So what do we do? We go to anger management groups, or we try to meditate in order to keep ourselves more peaceful and balanced. We might take a two mile jog or go to a gym to punch our frustrations into a punching bag. We might even take to our beds hoping that sleep will give us a fresh perspective, a new picture of things.
In truth, there is much in this world to be angry about. And, there are interesting alliances that can make it hard to isolate the true cause of our anger. For example, compassion can be allied with anger. We can care so deeply for a ‘cause’ or a group of people in need, that we feel angry when others don’t seem to care at all or do anything meaningful to help the ones we care so much about.
Self-centeredness is another emotion that is quite closely allied with anger. We can explode because we did not get what we wanted, when we wanted it, in the way that we wanted it. We think we deserve it and are angry that it has been denied us.
Finally, even simple annoyance can be allied to anger. We may be mildly irritated over something, and somehow the irritation gets out of hand and before we know it, we have launched into a full-fledged rage. It might start with something as small as someone pulling out in front of us, or pushing in front of us in the line at the grocery store. Because we are already ‘wound up’ from the events and stress of our day, we easily escalate into an angry posture with words that match our body language. But, when the angry moments have passed, and our day comes to an end, and we crawl into our sleeping place, we can feel completely mortified by our behavior, and be filled with regret that we were so out of control.
The verse from the Psalms above may give us three clues about how we might quench our overly explosive fuse, so that we are kinder to others and to ourselves.
First, ‘refrain from anger.’ While that may seem an impossible task, it is made easier when we look at the noun form of the word ‘refrain.’ As a verb, ‘refrain’ means ‘to bridle or hold oneself in check.’ But, as a noun, refrain means a chorus, a repeating phrase that causes a song to break off and then continue again. We can refrain from anger if we interrupt it, if we break it off and return to a prior place. For example, I may be at the store picking up some items for a special meal, and as I go to check out, someone slides their cart right in front of me. I have a choice. I can refrain from anger by interrupting myself and returning to how I was feeling when I entered the store, or I can choose to seethe inside. I can look at the beautiful things in my cart, or choose to say some snide remark to the person. I can return to thinking about the meal I want to prepare with the ingredients I’m purchasing or I can choose to let annoyance, anxiety, and anger to get the upper hand.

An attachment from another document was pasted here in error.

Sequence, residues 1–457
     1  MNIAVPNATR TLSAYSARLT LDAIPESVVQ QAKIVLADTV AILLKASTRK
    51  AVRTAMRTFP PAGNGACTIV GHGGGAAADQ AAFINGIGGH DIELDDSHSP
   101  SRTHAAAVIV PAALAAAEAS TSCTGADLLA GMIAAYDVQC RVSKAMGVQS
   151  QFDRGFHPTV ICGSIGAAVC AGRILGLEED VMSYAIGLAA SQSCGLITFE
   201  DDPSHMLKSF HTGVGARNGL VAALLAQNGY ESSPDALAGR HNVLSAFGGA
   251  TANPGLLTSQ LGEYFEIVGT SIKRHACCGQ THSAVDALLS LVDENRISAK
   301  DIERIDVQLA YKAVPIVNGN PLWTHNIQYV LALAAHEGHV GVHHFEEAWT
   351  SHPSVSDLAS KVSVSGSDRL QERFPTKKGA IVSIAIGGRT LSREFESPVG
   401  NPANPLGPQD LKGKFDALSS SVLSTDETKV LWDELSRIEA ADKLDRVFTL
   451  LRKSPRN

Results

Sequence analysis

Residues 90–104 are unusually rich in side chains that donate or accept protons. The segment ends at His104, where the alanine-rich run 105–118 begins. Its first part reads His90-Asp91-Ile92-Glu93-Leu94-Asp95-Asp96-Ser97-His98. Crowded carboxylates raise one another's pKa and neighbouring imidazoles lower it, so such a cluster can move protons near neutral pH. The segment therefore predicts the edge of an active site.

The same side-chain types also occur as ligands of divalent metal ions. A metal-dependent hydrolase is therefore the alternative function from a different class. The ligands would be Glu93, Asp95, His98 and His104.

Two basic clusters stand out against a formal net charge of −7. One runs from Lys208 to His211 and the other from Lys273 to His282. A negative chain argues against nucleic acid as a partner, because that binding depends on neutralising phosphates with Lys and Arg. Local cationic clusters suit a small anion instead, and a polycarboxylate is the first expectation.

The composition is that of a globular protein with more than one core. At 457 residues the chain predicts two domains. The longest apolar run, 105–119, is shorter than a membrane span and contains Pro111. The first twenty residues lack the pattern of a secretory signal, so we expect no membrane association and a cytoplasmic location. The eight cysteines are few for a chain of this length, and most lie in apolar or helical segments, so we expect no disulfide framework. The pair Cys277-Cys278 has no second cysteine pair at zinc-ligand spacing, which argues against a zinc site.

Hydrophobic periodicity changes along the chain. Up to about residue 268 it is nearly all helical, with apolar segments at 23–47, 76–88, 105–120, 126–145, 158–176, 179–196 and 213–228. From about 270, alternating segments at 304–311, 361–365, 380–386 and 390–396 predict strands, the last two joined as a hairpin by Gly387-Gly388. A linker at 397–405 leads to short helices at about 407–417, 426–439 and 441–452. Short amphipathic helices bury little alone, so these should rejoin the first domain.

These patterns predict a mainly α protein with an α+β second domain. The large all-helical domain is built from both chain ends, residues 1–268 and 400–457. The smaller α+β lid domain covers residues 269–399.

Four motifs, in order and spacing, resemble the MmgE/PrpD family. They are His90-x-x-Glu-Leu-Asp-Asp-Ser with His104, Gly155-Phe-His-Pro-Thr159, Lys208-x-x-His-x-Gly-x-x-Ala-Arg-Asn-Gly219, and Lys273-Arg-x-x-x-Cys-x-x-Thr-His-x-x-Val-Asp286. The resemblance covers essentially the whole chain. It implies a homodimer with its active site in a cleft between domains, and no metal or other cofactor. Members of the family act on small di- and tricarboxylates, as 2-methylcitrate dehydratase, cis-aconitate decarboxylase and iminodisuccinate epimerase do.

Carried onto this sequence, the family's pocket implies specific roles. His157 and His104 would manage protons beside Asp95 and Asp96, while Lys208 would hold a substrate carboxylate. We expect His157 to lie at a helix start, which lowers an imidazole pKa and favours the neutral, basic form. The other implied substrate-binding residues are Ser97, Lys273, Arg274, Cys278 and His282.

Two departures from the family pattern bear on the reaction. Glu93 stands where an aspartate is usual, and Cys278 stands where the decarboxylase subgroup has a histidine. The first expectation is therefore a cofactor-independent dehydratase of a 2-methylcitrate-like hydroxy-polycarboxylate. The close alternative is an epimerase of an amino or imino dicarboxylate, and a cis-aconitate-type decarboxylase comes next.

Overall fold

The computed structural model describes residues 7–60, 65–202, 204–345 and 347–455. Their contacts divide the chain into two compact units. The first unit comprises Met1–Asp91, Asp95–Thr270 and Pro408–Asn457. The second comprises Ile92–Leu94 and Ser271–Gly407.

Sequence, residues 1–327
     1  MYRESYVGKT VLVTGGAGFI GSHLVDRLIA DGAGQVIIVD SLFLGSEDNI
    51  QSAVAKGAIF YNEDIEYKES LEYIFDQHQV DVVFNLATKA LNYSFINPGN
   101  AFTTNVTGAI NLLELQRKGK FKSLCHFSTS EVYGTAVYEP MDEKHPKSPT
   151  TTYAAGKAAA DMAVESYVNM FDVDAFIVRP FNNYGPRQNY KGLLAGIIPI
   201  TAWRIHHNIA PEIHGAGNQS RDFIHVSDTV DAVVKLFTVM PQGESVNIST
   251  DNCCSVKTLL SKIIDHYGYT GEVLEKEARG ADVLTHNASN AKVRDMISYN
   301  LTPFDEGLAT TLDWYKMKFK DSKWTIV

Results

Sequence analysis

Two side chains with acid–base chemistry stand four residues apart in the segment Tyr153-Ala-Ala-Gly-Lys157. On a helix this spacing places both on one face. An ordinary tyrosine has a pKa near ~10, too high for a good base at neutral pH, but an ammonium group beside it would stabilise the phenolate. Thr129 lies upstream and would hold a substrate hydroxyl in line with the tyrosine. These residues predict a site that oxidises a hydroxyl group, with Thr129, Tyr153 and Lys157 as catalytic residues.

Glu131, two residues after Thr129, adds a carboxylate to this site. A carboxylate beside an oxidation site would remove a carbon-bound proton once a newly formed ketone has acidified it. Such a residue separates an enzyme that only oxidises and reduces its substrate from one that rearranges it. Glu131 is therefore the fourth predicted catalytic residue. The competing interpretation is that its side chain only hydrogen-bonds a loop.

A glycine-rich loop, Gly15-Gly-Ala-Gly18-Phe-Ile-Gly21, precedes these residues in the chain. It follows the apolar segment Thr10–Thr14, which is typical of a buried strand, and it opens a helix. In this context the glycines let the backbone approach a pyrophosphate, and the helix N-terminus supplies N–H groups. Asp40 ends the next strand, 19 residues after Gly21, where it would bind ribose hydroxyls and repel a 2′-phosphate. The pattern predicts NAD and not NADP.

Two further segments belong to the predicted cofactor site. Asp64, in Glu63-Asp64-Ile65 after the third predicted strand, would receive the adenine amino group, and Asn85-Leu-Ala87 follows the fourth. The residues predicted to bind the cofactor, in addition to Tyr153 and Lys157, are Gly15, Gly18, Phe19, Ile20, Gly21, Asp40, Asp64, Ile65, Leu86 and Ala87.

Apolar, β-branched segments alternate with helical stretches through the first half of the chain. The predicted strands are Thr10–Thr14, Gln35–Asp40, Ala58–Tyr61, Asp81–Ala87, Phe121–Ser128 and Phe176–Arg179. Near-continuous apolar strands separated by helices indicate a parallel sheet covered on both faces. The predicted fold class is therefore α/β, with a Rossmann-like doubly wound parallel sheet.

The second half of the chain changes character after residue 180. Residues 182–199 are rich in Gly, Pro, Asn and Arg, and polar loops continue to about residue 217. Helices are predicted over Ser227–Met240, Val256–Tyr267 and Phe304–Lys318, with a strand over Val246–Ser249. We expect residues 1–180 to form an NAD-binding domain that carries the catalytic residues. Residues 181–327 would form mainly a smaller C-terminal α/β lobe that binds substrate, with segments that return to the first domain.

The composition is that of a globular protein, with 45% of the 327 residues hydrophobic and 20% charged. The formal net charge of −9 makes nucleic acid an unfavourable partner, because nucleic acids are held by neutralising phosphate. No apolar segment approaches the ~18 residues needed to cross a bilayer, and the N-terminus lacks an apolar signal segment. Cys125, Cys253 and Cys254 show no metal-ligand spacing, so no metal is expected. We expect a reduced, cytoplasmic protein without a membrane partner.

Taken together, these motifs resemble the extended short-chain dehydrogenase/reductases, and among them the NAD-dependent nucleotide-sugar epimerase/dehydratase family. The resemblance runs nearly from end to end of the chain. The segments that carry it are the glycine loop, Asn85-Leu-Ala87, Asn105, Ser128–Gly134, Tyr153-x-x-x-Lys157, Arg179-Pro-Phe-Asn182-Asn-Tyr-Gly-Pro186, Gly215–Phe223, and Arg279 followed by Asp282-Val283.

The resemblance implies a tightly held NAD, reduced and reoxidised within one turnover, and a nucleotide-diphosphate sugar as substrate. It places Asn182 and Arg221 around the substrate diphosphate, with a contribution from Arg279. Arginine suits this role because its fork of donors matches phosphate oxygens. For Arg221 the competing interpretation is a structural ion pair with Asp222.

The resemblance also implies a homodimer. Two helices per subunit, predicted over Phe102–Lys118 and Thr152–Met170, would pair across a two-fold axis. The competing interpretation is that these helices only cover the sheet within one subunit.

Second, ‘leave rage alone’ – The word ‘rage’ is related to the word ‘rabies.’ Imagine a dog with rabies and the frenzy, ferociousness, and fear that is engendered by that dog, not to mention the painful treatment it requires once someone has been bit by the dog. If we look at our own reactions to things, and we analyze our anger, we might very easily be able to identify times when our anger has been rage – frenzied, ferocious, fearsome anger that has left both us, and those who were the recipients of our rage, feeling as though we had been bit by a diseased dog. The healing process after such a raving rant is painful and long. When we ‘bite’ others with rage, we leave marks hard to erase. Better to leave rage alone!
Third, ‘do not fret yourself’ – The word ‘fret’ is another interesting word. It means to eat, devour, or consume. Even when anger is not the culprit, we can often find ourselves devouring ourselves by unhealthy thoughts and behaviors. We can find ourselves actually consuming ourselves and wondering why we lack energy and joy. We fret about all kinds of things, but when our fretting is connected to our anger, we are allowing the wrongful deeds done to us, the misspoken or hurtful words said to us, to take over our soul and consume us from the inside out. We play the hurts over and over again in our minds, as the feeding fever wages on. We play it out until we are either worn out, or wound up tighter. Evil snaps at the heels of fretting and we are left edgy and unsettled.
The truth is that we will be hurt by others throughout our lives. We will be the victims of thoughtlessness, betrayal, or others’ self-centered-ness. And, we will get angry. But if we can refrain – that is, return to the place we were before we got angry, we will be able to interrupt our anger. If we leave rage alone, we will not be biting people until we hurt them as they’ve hurt us. If we stop our story lines; stop devouring ourselves from the inside out by constantly re-playing the hurts that have been done, there’s a chance that our anger will quietly run its course. Evil will be held at bay, and forgiveness and peace may bloom with brilliance.